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If this up-and-coming singer keeps it up, people won't be asking "Who Is Jill Scott?" for long.

The Poet Steps Out

When Jill Scott finished her debut CD, "Who Is Jill Scott?" she didn't go around bragging about its potential to rack up huge sales.

"I didn't expect anything," the Philadelphia-based singer said. "I just wanted to offer it, not sell it, not force it down people's throats, and see what would happen. And I'm definitely pleased with what has happened."

Since its release last summer, Scott's first CD has passed a million in sales and earned her three Grammy nominations, including one for best new artist.

Now with her most recent single, "Gettin' in the Way," having gone top five on "Billboard" magazine's R&B/hip-hop chart, it seems likely that soon everyone will at least know Jill Scott's name.

There are good reasons "Who Is Jill Scott?" has been making waves. It's one of the more auspicious debuts to come along on the R&B scene since the arrival of Erykah Badu and Lauryn Hill — singers to whom Scott is frequently compared.

Like those artists, Scott is bridging the gap between today's street-level rap and the more melodic approach that characterized an earlier generation of urban music.

Scott's music draws on the Memphis-style soul of the 1960s (think Aretha Franklin and Otis Redding) as well as Philadelphia soul of the 1970s (the O'Jays being a prime example) and updates her sound with hip-hop rhythms and an occasional rap. Sometimes a touch of jazz seeps into Scott's singing, as well.

It's a hybrid that's especially effective on songs like "Gettin' in the Way," and "A Long Walk," which wrap warm soul melodies around kicking beats and spoken sections of lyrics.

The quality of Scott's music — she co-wrote most of the songs on her CD — might seem a bit surprising, considering that for a long time she didn't consider music to be a career option. She went to Temple University, where she studied English, planning to pursue teaching. Along the way, though, she discovered an interest in acting and poetry.

In fact, in Philadelphia — where Scott still makes her home — she became a regular presence on the local poetry scene. Eventually, she took her craft on the road and extended her poetry following to New York and New Jersey. Scott considers her poetry readings to have provided invaluable experience for her, not only as a writer, but as a performer in front of an audience.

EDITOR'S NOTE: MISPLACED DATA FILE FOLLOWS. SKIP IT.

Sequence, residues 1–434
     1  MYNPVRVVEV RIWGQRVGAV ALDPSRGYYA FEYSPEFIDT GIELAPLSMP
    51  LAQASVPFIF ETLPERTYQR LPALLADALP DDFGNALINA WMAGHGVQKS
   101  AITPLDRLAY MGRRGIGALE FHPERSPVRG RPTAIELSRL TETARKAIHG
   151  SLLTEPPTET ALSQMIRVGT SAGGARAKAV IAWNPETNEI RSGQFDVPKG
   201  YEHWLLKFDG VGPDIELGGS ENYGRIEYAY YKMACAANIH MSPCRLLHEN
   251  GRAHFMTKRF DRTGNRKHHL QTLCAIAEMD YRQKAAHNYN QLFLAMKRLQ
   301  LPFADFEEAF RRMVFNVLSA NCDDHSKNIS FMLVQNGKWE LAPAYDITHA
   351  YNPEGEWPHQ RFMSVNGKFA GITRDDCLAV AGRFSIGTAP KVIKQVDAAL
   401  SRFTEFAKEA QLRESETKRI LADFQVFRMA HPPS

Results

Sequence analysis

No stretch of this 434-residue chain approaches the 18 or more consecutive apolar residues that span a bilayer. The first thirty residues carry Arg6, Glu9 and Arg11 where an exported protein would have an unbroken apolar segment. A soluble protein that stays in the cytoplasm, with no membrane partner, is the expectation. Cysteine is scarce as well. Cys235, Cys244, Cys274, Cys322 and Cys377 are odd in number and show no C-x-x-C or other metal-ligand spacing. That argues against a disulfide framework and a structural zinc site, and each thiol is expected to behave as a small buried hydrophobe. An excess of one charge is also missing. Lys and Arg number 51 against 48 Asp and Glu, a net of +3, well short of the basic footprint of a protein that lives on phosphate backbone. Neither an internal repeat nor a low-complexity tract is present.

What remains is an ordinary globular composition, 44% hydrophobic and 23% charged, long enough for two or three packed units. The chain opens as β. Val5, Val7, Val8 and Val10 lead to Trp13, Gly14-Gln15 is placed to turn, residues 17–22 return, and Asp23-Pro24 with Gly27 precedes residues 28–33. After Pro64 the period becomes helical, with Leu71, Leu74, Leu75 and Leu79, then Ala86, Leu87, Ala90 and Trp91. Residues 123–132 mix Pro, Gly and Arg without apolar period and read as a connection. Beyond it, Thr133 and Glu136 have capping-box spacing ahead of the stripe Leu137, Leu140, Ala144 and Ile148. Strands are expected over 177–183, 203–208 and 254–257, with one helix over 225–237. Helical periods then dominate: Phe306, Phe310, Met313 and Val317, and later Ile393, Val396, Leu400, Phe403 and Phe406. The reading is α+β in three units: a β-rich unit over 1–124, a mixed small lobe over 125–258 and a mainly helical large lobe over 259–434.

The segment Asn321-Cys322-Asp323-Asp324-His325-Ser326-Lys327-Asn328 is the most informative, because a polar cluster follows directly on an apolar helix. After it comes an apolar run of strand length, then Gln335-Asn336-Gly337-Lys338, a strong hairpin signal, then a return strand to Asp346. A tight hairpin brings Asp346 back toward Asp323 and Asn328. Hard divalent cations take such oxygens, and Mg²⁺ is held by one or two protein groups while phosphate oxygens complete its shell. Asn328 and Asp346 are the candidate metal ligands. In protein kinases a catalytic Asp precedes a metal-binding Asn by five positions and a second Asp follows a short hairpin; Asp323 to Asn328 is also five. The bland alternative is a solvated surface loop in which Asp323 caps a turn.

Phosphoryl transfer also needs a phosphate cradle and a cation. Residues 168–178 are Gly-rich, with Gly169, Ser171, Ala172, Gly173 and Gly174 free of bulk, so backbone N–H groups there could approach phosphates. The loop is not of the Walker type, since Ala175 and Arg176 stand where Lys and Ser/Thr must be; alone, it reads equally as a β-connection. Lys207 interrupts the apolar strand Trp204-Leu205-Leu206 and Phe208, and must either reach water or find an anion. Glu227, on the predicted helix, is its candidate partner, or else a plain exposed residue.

"Being a poet in Philadelphia and New York put me standing in front of an audience [with only] words," she said. "So it made me realize how very important words are. You want to say something. You don't want it to go in one ear and out the other without making an impression. Being able to stand there on stage with just words and no more, it made me a better artist. It made me a better performer because I'm not afraid."

Scott's poetry also played a direct role in her entry into the music business. A friend of Scott's had introduced her to members of the critically acclaimed Philadelphia hip-hop band the Roots. Eventually, her performances caught the attention of Roots drummer Amir "Questlove" Thompson.

Thompson was so impressed he told the band's producer Scott Storch about Scott. The band invited Scott to join them in the studio one evening and that night she ended up writing the lyrics to the song "You Got Me."

The song was chosen as the first single from the Roots' most recent studio CD, "Everything Falls Apart," and it went on to become a breakthrough hit for the band. Scott, though, did not get the chance to sing on the studio track.

Instead, Roots' record label wanted a better-known performer for the song and enlisted Badu to sing on the track. The song later won a 1999 Grammy for best rap performance by a duo or group.

Scott admits she was unhappy about being passed over to sing on the studio version of the song (although she does sing on the concert version included on the Roots' 1999 live CD, "The Roots Come Alive").

"It was a disappointment," Scott said. "[I thought] I had gotten my first big break. In reality I did. You know, I got a lot of attention as a writer."

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